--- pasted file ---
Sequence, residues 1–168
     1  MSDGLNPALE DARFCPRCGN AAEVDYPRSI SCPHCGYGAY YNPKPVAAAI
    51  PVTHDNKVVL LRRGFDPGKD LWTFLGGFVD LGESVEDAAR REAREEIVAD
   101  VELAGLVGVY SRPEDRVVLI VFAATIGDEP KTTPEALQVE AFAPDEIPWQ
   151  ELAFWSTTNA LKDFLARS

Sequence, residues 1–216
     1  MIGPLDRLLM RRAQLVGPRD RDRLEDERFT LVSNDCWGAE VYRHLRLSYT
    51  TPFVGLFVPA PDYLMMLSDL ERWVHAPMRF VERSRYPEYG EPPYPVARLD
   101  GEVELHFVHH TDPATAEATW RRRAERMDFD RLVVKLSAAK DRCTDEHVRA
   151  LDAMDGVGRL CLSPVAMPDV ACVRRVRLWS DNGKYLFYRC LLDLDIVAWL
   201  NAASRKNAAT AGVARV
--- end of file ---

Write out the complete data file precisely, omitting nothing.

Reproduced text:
Sequence, residues 1–168
     1  MSDGLNPALE DARFCPRCGN AAEVDYPRSI SCPHCGYGAY YNPKPVAAAI
    51  PVTHDNKVVL LRRGFDPGKD LWTFLGGFVD LGESVEDAAR REAREEIVAD
   101  VELAGLVGVY SRPEDRVVLI VFAATIGDEP KTTPEALQVE AFAPDEIPWQ
   151  ELAFWSTTNA LKDFLARS

Sequence, residues 1–216
     1  MIGPLDRLLM RRAQLVGPRD RDRLEDERFT LVSNDCWGAE VYRHLRLSYT
    51  TPFVGLFVPA PDYLMMLSDL ERWVHAPMRF VERSRYPEYG EPPYPVARLD
   101  GEVELHFVHH TDPATAEATW RRRAERMDFD RLVVKLSAAK DRCTDEHVRA
   151  LDAMDGVGRL CLSPVAMPDV ACVRRVRLWS DNGKYLFYRC LLDLDIVAWL
   201  NAASRKNAAT AGVARV